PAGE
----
0
$\begingroup$

Kirchhoff's loop law states that the sum of emfs equals the sum of voltage drops around a loop. In the electrostatic case, it would make sense in that the sum of potential differences should be zero around a closed loop. More generally however, we can have other sources of emf, like motional or chemical - in which case the justification for the law seems to be: the work required to move a charge around the loop is zero.

This makes sense if current is constant, as charge carriers stay at the same speed and hence cannot gain kinetic energy as we leave the circuit closed. However, it's not obvious to me that a charge cannot gain energy at all when current is changing. Say we have an AC circuit - is it not possible that charges are gaining energy when going around a loop? That would be consistent with the fact that the current is changing. Or is it the case that this "equilibrium" happens much faster than the current itself changes? What if we consider the limit of very high frequencies?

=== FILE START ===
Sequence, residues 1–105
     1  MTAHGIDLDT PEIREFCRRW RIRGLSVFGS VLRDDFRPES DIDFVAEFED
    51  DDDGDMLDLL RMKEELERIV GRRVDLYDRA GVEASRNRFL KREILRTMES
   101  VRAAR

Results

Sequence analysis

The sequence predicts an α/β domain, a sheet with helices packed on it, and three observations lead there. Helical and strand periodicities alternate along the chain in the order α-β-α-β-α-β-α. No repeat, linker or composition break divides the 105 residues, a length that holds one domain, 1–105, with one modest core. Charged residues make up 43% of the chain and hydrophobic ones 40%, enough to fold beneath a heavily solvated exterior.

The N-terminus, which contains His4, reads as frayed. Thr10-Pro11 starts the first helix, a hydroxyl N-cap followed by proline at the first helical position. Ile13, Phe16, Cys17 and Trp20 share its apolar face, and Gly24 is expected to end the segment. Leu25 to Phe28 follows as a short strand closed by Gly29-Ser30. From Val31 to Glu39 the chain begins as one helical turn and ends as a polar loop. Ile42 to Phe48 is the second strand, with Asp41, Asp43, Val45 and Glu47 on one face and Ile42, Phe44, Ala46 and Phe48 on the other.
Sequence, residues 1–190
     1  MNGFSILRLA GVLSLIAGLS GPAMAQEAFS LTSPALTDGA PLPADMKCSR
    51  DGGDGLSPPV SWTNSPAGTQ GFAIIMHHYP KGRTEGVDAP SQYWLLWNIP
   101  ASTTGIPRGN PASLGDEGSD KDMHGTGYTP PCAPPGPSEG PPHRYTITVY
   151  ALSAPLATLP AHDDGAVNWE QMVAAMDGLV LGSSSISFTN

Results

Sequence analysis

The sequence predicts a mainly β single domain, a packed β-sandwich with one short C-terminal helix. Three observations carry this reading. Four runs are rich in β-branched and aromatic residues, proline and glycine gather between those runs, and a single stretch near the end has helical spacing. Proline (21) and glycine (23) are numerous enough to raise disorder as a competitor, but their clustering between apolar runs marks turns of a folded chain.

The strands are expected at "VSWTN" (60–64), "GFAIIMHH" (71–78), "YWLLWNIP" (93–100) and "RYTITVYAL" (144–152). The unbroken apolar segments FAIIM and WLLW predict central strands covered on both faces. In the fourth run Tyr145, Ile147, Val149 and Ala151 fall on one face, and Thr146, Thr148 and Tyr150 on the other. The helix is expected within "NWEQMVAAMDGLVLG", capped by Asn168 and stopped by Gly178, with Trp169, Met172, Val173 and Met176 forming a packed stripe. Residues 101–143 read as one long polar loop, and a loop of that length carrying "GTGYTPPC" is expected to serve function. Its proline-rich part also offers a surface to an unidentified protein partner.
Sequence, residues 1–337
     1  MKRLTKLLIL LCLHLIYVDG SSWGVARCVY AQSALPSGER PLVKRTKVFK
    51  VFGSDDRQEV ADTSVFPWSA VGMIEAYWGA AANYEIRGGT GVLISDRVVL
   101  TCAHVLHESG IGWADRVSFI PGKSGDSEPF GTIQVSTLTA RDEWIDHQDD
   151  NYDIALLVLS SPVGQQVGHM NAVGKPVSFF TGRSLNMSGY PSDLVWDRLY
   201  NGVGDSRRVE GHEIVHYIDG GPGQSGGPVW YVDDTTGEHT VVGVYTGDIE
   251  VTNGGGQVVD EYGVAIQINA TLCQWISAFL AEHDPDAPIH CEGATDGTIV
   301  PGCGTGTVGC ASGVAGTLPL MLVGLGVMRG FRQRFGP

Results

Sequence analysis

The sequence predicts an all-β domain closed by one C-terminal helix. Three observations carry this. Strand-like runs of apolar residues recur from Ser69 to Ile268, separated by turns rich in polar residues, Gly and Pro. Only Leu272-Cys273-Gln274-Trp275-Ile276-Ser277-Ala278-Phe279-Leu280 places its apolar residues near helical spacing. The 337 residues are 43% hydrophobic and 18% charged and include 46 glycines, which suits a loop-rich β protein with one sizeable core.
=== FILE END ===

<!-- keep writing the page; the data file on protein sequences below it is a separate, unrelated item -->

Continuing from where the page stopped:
$\endgroup$

1 Answer 1

0
$\begingroup$

Relevant: Circuit Loop Law Doubt

To build on that answer: KVL comes from Faraday's law, which states that EMF around a loop is equal to the rate of change of magnetic flux. If we can model the magnetic field as coming from an ideal lumped inductor, then KVL is exact, since the change of flux is accounted for by the inductor voltage $V=L \frac{dI}{dt}$. If there is some external magnetic field, or the circuit cannot be modeled with lumped inductance, then KVL is only approximate.

$\endgroup$
1
  • $\begingroup$ Does Faraday's law include emf sources such as batteries? $\endgroup$
    – user35013
    Mar 17, 2023 at 11:29

Your Answer

By clicking “Post Your Answer”, you agree to our terms of service and acknowledge you have read our privacy policy.

Not the answer you're looking for? Browse other questions tagged or ask your own question.